July 25, 2024, 6:16 am

Economic Planning and Changing Realities of Infrastructure

Swadesh Roy
  • Update Time : Sunday, July 7, 2024

The conscious citizens of the country had at least hoped that this year’s budget would be different. Since the government has already acknowledged that the country’s economy has taken a significant hit, funds are being sought from various sources, including the IMF and the World Bank, to support the economy. The IMF is also providing various economic reform programs, making this budget undoubtedly different and significant.

However, after presenting the budget in parliament, it appeared to be just a routine budget. Even after Abul Maal Abdul Muhith’s departure, Mustafa Kamal, as the Finance Minister, kept the budget at the same level. During Mustafa Kamal’s tenure, long-term economic planning was significantly reduced from the budget. Additionally, many paths have been created to weaken financial sector management. It is not easy to understand why he deviated from long-term economic planning. However, everyone understands the reasons for creating the paths to weaken economic management. As a suddenly booming businessman, he prioritized his and his companions’ interests. Some people at least hoped that this year’s budget would include a plan to bring the crisis-ridden economy back to its previous state.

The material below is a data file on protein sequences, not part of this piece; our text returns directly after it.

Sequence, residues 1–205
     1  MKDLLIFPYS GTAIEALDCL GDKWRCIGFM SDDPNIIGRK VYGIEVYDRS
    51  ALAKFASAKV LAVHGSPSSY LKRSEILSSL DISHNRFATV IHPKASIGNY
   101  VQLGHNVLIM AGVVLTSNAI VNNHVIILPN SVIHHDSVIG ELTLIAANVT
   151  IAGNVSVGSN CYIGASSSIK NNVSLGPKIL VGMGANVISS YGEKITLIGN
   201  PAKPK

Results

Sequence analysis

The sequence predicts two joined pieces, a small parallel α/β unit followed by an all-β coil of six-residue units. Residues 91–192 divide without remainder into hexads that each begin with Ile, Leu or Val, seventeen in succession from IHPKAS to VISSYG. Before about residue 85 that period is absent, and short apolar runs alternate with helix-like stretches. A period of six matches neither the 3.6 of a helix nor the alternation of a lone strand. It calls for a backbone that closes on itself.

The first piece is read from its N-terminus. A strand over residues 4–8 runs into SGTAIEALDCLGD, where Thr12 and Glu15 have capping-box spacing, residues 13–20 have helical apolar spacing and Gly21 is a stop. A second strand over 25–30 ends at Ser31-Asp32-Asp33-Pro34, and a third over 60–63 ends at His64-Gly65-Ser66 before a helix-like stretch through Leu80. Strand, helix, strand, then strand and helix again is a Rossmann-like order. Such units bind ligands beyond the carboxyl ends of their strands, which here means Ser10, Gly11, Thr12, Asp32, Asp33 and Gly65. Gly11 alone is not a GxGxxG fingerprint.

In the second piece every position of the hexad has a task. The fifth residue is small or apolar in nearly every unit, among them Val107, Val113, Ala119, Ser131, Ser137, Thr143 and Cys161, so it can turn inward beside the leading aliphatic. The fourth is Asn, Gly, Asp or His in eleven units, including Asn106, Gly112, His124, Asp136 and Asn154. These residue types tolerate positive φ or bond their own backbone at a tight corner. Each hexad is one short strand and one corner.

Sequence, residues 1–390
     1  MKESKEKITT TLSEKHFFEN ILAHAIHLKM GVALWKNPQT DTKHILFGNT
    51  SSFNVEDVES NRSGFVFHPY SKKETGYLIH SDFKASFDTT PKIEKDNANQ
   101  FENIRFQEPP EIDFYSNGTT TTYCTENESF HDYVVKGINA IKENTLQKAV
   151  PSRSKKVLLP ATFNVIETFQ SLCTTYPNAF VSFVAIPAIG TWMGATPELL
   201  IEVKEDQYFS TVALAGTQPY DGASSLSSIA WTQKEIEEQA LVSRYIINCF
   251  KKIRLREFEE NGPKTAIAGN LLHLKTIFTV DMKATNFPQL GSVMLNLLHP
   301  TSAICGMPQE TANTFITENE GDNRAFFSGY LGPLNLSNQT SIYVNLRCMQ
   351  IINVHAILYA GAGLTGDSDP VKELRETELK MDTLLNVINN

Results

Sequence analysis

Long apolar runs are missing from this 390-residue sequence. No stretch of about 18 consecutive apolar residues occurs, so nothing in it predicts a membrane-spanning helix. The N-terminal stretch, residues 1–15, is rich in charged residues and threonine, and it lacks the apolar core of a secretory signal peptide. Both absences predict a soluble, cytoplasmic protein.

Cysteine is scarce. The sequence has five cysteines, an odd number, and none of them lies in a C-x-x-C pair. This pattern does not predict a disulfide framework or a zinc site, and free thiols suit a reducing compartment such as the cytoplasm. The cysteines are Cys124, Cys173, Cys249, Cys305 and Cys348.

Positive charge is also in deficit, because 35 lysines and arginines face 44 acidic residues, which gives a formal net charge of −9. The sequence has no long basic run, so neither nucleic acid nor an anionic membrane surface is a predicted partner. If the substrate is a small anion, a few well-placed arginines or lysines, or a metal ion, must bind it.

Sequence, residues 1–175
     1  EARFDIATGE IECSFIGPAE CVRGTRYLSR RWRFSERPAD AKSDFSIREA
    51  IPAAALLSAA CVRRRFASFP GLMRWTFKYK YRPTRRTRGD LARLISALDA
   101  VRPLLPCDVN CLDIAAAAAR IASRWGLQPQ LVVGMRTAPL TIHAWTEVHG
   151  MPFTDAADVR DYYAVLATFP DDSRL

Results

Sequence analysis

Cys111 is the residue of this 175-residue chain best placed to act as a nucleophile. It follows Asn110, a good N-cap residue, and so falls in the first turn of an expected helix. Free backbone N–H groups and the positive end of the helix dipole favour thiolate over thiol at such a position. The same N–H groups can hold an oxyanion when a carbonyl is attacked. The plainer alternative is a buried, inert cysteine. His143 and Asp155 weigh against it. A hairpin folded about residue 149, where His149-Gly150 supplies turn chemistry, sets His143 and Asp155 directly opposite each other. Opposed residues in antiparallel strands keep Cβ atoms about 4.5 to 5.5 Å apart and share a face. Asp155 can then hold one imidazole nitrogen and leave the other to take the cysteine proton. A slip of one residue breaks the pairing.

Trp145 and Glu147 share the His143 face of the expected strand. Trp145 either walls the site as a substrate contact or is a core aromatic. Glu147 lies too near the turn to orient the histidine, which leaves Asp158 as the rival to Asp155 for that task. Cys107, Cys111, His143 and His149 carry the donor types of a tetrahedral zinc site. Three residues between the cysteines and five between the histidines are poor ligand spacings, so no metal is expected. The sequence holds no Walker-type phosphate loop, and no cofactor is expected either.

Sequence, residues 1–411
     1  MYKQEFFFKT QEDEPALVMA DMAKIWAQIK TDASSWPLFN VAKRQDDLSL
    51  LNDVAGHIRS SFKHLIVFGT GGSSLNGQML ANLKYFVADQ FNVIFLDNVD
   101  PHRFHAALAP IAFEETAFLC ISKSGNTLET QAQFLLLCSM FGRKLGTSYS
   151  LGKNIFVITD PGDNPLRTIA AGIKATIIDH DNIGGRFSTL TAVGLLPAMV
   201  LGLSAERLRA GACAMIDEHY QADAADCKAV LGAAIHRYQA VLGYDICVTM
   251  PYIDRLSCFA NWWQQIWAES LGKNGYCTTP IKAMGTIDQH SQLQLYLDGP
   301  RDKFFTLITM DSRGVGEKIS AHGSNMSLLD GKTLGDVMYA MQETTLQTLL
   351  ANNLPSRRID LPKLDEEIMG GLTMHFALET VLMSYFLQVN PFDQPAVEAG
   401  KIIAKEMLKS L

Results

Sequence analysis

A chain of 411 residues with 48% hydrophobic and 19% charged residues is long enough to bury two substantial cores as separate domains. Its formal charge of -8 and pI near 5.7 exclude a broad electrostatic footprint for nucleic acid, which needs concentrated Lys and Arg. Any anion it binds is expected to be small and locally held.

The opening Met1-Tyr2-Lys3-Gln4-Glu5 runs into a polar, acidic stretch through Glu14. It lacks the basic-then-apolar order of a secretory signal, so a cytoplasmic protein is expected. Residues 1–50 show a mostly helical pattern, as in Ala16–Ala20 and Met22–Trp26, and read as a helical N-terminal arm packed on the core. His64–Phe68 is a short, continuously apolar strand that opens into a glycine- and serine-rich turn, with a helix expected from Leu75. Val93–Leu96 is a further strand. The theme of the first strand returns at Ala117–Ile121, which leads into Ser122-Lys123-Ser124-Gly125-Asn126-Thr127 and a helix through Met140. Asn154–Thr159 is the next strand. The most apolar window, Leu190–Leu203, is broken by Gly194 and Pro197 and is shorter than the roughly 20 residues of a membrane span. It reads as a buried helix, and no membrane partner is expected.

After presenting the budget, it became apparent that it was a repetition of previous budgets. Nevertheless, there was a faint hope that at least some members of parliament would speak up to bring some changes. But those who could speak about it did not even come close to it. And the remaining members, who came to parliament with the qualification to stay in local government, continued to speak from their positions about their area’s development, which does not align with the national parliament and national budget.

The biggest issue for the people now is to take a realistic step to bring the economy back from where it has fallen. This cannot be achieved in a day or even a year. Those who say that it can be quickly overcome are essentially making a mistake or speaking to satisfy others. Those who keep an eye on Bangladesh’s economy, both domestically and internationally, and the statements made by international financial institutions make it clear that at least a three-year realistic economic plan is now necessary.

Before making this plan, the government must stand on the absolute truth and clearly understand through accurate data and research how much the economy has been hit due to international situations and how much due to internal economic management. If the government creates an economic plan to solve the current problems without standing on this reality, that plan will also not be realistic.